Service to the king, usually as a soldier, was also cited sometimes, as was the social status of the convict. Pardon seekers contrasted their characters favorably with those of their victims, and they also evoked the existence of dependent children and other family members as an extenuating circumstance. Royal pardons represented a merciful act by the king—just the kind of dramatic act portrayed in the honor plays. But the recipients of actual Good Friday Pardons received a complete legal vindication for their acts, unlike the ambiguous rulings of the kings on stage, and of course they received them from the royal bureaucracy instead of from the mouth of the king himself.

One question remains: how unique was this process to Spain? Was it just the Castilian criminal system that allowed for such manipulation by its subjects, or did this relationship between judges and judged exist elsewhere in early modern Europe? Clearly, throughout Europe witnesses and the accused tried to sway judges with their own version of events, as Natalie Zemon Davis has shown for sixteenth-century France.

Daniel Smail has detailed how the residents of late medieval Marseille used civil courts to achieve private vengeance against their enemies, and Laura Gowing has found women doing the same thing with church courts in early modern London, manipulating court proceedings with their testimony. Sharpe has found in early modern England. The idea that public justice could accomplish private vengeance was not unique to the jurists of Golden Age Castile. Paul Hyams argues that in early medieval England, law did not replace the private vengeance of feuding; rather, they were two sides of the same coin.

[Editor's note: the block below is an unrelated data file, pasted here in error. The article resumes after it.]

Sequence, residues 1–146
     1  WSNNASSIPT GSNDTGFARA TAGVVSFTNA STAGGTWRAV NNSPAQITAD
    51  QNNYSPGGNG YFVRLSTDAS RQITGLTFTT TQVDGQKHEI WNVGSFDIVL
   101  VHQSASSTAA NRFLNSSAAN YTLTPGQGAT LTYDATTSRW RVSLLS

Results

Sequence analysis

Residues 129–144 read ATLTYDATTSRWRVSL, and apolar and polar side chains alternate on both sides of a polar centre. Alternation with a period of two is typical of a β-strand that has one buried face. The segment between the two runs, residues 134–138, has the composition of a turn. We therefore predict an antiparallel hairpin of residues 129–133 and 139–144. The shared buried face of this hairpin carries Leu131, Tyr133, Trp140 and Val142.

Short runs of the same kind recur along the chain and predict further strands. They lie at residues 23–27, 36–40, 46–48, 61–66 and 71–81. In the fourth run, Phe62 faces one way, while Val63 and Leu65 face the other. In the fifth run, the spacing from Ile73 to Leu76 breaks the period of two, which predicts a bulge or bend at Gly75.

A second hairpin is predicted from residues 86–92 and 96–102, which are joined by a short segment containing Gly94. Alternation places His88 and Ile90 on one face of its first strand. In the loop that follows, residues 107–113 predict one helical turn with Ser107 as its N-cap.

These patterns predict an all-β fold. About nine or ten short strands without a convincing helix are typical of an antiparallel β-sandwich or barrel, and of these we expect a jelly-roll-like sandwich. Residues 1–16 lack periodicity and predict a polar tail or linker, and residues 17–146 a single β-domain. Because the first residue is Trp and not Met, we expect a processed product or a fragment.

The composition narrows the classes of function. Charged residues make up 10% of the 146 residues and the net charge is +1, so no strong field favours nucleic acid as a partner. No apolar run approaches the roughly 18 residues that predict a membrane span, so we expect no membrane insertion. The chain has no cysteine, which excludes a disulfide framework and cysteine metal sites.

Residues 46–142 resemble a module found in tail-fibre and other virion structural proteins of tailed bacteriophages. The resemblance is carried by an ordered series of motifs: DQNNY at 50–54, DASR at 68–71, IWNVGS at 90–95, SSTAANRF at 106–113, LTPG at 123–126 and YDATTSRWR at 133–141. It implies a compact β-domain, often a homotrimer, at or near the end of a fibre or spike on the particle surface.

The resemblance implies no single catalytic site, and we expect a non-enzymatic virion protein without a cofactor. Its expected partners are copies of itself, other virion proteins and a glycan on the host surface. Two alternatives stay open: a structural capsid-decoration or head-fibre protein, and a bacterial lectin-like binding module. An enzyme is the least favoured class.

It was often a sensible way of going about it. That my honor is subject to another, and that oh, treacherous, unjust law! My fame has been honorable— is it an accomplice to evil and not to good? Honor which is born mine, now a slave to another? Not that. What barbarous world consents to this infamous rite?

Where there is no blame, there is a crime? Where another is delinquent, for his insulting malice, they give the punishment to me! Of all those whom the world notices as unhappy—ay me!